Microsoft is alerting users about a huge malware campaign that can steal data and stage fake ransomware attacks.
The malware tries to lure recipients into opening what appear to be PDF attachments in email blasts. But when victims click on those attachments, they wind up downloading a malware variant called StrRAT.
Microsoft’s Security Intelligence Team tweeted that StrRAT’s job is to confuse a computer’s operating system and gain access to browser passwords, log keystrokes, and run remote commands.
Running remote commands can be quite the plaything for a hacker. It allows them to run willy-nilly through a user’s computer, harvesting sensitive information that can range from email credentials to data stored in internet browsers.
The attack sequence to watch out for
In following the malware’s trails, Threatpost was able to determine what the malware’s attack sequence is. It plays out like this:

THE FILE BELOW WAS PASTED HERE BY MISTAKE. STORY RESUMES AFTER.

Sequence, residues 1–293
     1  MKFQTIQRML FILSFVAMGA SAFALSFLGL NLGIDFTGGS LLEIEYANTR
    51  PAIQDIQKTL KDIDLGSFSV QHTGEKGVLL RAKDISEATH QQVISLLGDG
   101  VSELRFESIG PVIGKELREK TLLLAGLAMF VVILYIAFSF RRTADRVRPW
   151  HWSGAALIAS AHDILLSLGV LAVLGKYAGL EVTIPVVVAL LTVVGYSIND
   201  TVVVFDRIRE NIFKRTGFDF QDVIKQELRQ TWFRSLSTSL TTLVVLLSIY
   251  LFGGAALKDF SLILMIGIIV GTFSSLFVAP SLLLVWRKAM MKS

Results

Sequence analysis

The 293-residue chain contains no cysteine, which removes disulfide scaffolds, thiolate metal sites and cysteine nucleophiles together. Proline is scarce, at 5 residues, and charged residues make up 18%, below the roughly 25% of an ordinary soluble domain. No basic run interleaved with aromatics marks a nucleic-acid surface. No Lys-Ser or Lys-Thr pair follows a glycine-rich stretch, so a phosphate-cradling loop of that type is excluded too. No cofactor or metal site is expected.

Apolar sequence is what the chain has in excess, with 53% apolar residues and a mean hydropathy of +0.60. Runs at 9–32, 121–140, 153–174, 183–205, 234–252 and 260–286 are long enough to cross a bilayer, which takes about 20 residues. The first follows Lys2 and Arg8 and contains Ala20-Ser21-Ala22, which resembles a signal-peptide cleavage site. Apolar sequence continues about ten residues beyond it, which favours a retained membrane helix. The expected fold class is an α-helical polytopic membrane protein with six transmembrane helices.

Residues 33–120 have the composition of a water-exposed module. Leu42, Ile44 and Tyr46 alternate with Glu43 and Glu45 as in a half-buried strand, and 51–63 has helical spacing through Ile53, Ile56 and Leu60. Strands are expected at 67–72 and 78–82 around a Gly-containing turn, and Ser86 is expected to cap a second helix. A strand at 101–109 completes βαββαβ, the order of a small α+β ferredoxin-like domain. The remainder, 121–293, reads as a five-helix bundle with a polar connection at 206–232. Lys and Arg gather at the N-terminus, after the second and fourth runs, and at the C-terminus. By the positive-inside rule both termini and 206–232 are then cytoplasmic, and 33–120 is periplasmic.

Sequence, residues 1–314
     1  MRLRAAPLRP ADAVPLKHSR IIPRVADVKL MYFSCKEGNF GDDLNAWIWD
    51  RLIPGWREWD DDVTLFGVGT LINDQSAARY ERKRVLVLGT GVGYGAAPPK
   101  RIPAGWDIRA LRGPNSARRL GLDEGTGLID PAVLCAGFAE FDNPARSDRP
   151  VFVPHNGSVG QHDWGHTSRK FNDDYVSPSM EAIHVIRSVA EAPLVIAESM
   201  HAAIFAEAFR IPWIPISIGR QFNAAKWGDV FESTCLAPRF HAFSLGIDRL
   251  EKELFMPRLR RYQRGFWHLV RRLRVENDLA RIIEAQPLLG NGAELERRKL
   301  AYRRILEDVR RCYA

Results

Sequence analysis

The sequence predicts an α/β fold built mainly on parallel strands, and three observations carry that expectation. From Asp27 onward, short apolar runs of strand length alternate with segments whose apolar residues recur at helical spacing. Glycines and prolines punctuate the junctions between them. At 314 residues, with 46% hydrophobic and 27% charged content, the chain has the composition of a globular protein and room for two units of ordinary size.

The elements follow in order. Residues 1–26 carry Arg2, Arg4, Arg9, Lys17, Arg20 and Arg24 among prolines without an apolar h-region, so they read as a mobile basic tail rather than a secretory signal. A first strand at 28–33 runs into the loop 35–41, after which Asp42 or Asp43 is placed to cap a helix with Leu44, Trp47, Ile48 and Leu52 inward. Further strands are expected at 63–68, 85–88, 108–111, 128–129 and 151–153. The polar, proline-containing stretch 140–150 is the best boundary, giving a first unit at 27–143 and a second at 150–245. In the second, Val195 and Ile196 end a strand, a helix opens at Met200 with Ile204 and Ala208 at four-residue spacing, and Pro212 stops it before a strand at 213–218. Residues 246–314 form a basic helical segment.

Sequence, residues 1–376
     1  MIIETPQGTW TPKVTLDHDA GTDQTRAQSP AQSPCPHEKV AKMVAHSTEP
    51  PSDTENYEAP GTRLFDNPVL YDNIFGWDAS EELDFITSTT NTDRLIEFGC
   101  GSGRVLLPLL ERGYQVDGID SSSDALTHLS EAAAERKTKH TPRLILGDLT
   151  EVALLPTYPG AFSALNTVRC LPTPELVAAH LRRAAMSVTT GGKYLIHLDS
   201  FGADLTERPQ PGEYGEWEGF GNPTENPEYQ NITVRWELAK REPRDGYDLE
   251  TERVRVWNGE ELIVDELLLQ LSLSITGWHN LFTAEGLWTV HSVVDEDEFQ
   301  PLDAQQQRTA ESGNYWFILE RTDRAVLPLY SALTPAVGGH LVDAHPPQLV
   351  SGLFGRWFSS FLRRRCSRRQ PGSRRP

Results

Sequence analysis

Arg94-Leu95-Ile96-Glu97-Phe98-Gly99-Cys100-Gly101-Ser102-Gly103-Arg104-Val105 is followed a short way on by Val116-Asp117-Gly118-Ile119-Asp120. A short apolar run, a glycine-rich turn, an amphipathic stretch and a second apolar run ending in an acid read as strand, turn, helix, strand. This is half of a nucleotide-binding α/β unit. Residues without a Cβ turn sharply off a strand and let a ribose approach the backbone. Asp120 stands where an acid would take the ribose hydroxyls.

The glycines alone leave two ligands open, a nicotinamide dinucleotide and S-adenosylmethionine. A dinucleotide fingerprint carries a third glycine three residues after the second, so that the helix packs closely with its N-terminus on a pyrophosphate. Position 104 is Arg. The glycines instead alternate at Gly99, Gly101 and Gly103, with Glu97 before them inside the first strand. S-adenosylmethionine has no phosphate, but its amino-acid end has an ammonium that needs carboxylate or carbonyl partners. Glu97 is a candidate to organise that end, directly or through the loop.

To start, attackers have been known to use compromised email accounts to send several different emails. To date, the messages disguise the sender as someone who is a supplier or has something to do with the payment of goods or services. Some of the messages use the subject line “Outgoing Payments.” Others refer to specific payments supposedly made by the “Accounts Payable Department.” Still others say “your payment has been released as per attached payment advice” and asks the recipient to verify adjustments made in the attached PDF.
That PDF -- if clicked -- is where the trouble starts. The malware is downloaded to the user’s computer and the hackers are off to the races gathering all the data they can mine. While extortion is not the primary idea behind the attack, reports are circulating that the hackers may also try to make a quick buck off users by disguising their attack as a form of ransomware.
Guarding against the attack
Microsoft says its Microsoft 365 Defender delivers “coordinated defense against this threat” and can protect users against malicious emails after they’re detected.
The company’s Security Intelligence Team has also published what it knows on GitHub so others who deal with computer security can identify indicators of malicious behaviors related to StrRAT before they do any damage.